In high school, I enjoyed reading William Faulkner's meandering sentences. I often contrasted Faulkner's verbosity with Ernest Hemingway's short, punctuated descriptions. Despite their dramatic stylistic differences, both writers excel as story tellers, but it was the writing itself, the technique, that made or broke a piece.
These days, though I'm more inclined to read non-fiction, I struggle through poorly crafted work, no matter how excellent the narrative or the conceit. I'm a pretentious reader, I suppose. Fortunately, there are many contemporary essayists who excel at their craft. The prose of Edward Hoagland and William Gass, to offer two notable examples, is often so compelling that I am moved to read it aloud.
Superior writing should not remain on the page; it must be released, through annunciation. This is most often true of poetry. Designed for the ear as much as the mind, the best verse floats somewhere between abstract instrumentation and lucid communication.
I was therefore delighted to stumble upon William Gass's essay "The Sentence Seeks Its Form: What Can We Do To Find Out How Writing Is Written?" in the most recent issue of BookForum. Gass's best passages make me purr with satisfaction or, less happily, make me aware of my relative failings as a writer. Consider the following selection.
"When we breathe, we take in the oxygen we need to live, but we also acquire at the same time the air necessary to form words, and these are sent forth, when we exhale, in the same way that the lion growls or the hyena chortles. Breath (pneuma) has always been seen as a sign of life and was once identified with the soul. Don't fall for phrases like 'gut feeling' or 'coming from the heart.' Language is born in the lungs and is shaped by the lips, palate, teeth, and tongue out of spent breath - that is, from carbon dioxide. That is why plants like being spoken to. Language is speech before it is anything. It is born of babble and shaped by imitating other sounds. It therefore must be listened to while it is being written."A friend once told me that he sometimes became sexually aroused when reading good literature. At the time, I laughed off this idea; I was convinced that he was exaggerating. Years later, I'm not so sure. Though my literary pleasures are never sexual, they remain a form of intense arousal, a brief euphoria that can be cultivated and revisited. As Gass puts it, "That is why plants like being spoken to. Language is speech before it is anything."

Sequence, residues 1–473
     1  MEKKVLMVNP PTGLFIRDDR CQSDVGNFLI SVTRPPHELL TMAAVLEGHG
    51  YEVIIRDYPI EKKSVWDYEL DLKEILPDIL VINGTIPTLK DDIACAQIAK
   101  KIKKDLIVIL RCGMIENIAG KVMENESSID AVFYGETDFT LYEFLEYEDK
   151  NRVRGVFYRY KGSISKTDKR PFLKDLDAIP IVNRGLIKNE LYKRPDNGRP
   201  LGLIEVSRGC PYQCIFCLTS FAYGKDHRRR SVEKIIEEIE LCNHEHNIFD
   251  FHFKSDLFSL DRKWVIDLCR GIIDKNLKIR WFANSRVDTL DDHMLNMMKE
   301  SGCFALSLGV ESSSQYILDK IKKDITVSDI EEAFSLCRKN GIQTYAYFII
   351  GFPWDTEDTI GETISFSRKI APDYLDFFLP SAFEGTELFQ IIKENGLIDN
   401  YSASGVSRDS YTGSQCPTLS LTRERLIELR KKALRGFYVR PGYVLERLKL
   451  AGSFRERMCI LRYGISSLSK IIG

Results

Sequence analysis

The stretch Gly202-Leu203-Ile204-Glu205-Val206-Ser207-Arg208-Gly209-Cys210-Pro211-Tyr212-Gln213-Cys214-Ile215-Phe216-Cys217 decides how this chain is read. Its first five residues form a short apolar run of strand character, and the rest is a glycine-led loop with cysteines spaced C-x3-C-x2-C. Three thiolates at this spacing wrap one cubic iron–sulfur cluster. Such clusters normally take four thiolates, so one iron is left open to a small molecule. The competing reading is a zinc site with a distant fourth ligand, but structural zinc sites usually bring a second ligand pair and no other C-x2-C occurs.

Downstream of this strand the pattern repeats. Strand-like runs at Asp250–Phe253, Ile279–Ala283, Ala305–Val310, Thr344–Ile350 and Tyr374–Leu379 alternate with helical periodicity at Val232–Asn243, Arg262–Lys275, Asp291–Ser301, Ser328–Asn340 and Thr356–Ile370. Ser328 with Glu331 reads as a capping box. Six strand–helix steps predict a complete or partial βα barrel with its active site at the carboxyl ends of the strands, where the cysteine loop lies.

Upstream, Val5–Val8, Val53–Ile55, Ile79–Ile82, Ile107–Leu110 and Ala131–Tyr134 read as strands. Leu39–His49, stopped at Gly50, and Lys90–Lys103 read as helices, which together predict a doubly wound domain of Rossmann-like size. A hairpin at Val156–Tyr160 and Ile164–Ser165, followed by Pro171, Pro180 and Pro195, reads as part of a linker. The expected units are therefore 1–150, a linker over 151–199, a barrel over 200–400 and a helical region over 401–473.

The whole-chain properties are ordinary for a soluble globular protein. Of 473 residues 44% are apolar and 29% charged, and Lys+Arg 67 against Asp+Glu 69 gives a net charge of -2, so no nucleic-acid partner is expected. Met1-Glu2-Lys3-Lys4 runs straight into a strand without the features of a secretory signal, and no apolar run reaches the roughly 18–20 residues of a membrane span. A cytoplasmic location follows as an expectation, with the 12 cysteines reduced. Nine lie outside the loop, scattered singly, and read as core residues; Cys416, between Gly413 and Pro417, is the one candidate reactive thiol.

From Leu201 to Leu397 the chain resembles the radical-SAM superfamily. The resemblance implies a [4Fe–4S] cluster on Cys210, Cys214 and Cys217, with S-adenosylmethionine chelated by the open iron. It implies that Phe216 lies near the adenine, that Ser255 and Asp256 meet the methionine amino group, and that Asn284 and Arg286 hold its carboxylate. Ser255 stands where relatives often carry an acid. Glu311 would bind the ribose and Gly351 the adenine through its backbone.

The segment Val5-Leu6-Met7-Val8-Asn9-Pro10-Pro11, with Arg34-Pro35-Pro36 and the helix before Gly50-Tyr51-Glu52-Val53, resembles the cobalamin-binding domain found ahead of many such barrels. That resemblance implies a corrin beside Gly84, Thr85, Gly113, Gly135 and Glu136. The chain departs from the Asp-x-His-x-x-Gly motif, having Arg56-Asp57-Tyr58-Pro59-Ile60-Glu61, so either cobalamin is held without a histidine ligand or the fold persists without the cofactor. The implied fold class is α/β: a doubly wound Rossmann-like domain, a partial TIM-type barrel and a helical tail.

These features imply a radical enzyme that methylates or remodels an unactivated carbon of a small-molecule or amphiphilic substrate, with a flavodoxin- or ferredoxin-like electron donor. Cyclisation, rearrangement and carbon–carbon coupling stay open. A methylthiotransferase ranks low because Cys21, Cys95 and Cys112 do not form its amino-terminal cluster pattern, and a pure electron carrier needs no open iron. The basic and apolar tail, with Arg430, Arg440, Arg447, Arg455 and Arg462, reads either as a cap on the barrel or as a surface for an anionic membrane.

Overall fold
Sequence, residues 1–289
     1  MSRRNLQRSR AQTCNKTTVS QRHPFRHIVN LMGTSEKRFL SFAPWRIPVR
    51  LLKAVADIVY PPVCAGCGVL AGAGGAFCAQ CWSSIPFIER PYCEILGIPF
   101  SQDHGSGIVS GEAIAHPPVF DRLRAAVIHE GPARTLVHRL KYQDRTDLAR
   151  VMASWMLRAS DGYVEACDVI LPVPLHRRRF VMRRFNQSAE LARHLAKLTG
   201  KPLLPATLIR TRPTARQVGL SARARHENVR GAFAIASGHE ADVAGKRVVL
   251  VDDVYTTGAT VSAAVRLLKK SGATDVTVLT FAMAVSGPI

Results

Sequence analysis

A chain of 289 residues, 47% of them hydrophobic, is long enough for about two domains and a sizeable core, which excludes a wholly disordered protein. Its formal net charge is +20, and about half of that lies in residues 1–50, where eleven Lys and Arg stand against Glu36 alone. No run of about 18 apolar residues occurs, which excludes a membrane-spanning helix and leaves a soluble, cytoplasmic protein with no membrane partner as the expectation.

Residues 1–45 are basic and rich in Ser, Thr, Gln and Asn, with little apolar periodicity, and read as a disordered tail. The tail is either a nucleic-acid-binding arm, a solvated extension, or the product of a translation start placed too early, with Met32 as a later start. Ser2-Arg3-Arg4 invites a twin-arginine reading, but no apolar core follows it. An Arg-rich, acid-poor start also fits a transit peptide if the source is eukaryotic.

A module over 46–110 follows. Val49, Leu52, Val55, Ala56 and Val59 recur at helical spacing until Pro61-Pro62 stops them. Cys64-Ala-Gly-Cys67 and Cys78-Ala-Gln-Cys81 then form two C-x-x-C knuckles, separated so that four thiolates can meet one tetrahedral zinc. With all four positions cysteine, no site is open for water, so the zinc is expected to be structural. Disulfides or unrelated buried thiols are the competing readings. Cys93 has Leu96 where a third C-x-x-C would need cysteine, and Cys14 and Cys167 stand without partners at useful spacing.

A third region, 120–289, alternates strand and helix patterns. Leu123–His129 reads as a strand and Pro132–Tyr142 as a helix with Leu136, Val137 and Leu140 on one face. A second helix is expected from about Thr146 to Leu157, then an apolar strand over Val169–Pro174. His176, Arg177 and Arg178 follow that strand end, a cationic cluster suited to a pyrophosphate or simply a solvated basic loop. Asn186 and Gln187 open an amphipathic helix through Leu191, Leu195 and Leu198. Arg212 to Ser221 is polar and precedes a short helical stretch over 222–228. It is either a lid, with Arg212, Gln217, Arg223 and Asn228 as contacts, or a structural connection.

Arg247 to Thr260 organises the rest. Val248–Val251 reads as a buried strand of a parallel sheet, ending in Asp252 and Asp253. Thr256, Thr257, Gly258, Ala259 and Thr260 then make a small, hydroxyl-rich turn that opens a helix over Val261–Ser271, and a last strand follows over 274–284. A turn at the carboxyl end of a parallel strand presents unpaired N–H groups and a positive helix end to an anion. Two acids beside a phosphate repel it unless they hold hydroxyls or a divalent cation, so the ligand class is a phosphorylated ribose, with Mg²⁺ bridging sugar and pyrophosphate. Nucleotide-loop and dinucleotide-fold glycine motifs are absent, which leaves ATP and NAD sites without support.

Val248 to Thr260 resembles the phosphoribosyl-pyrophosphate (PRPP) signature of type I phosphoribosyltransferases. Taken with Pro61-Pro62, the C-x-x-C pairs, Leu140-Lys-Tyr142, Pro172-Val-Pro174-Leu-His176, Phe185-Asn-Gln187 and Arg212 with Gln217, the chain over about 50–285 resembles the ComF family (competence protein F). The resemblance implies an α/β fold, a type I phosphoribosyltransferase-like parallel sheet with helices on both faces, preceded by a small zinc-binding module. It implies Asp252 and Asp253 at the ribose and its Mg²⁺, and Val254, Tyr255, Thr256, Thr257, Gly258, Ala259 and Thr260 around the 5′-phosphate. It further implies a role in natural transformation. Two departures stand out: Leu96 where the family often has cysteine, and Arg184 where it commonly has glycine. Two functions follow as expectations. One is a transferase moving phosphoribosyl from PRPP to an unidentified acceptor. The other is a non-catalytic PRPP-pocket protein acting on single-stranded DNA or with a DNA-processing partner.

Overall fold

Photo credit: ripped from the Access Excellence Health website